The fiscal penalty of 5% and 70-40 provisions in nursing home reform measures is the crux of a federal lawsuit that was filed on December 29 in Albany by 242 players in New York’s nursing home industry.
Nearly all plaintiffs are nursing home operators, and one by one in court filings they list the amounts they will have to pay as penalties in 2019.
In Schenectady County, the calculated penalty includes $557,150 for Kingsway Arms; $2,909,349 for the Schenectady Center for Rehabilitation and Nursing; and $3,849,039 for the Pathway Nursing and Rehabilitation Center.
The lawsuit challenges the reform law on the following grounds:
- as a violation of the Fifth and Fourteenth Amendments to the U.S. Constitution (which state equal protection and due process) because of the way it confiscates nursing home profits and because it makes no rational connection to a lawful governmental purpose;
- as a violation of the supremacy clause of the US Constitution (state law subject to federal law) by forfeiting funds paid to nursing homes by the federal government;
- as a violation of the Eighth Amendment (which prohibits excessive fines);
- as a selective intervention in the collective bargaining process mandated by the National Labor Relations Act;
- And because federal regulators have not approved the implementation of the reform measures, as required by the federal Medicaid Act.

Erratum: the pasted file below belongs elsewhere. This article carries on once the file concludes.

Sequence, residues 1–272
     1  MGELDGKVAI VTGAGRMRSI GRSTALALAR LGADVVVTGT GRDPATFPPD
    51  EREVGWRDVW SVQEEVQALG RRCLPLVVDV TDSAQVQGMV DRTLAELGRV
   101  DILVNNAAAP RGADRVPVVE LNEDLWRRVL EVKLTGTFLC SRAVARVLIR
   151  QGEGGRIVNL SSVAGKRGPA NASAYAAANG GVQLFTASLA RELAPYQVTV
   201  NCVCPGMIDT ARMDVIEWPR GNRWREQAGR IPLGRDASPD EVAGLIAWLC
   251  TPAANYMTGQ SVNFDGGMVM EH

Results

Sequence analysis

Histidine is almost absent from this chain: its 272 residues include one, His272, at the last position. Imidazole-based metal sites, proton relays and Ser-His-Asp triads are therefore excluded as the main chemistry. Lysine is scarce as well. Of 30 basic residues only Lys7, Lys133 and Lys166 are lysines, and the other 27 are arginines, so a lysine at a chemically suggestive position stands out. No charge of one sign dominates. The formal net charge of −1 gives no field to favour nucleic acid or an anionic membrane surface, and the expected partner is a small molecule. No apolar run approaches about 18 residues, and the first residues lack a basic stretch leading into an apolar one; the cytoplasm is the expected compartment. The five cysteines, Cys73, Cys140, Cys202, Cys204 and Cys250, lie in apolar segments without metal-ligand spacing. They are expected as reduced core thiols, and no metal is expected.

The plaintiffs want a permanent blockade of the state to implement any aspect of the 2021 reforms. They also seek legal costs and any other relief the court may deem fit.
In the meantime, as Hochul’s executive order halts the reforms and industry sues seeks to block them forever, 1199SEIU continues its advocacy: the state’s health department seeks regulations to enforce the law. has not been formally codified.
Short said one problem so far is that the DOH is looking at compliance with minimum staffing levels as the average number of days in a three-month quarter.
In other words, there may be days where residents get less than 3.5 hours of one-on-one care, as long as there are enough days where they get more than 3.5 hours, so that this is on average be more than 3.5 hours. month.
Regulatory agencies’ own data shows staffing levels drop on weekends and rise on weekdays. So on a quarterly average, a nursing home may still be in compliance with the 3.5-hour rule, while its residents are receiving substandard care two out of every seven days.
It defies the spirit of the letter and the law, Short said
“We think it should be based on how the law is written,” he said. “Employers need to figure out how to staff up on weekends.”
He acknowledged that it was not an easy task.
Most labor contracts have provisions for employees to take alternate weekends off, Short said, automatically leaving a facility with half the workforce unless it takes other measures.
He suggested that it might include incentives for employees to add a weekend day to their schedules or to create incentives for weekend-only shifts.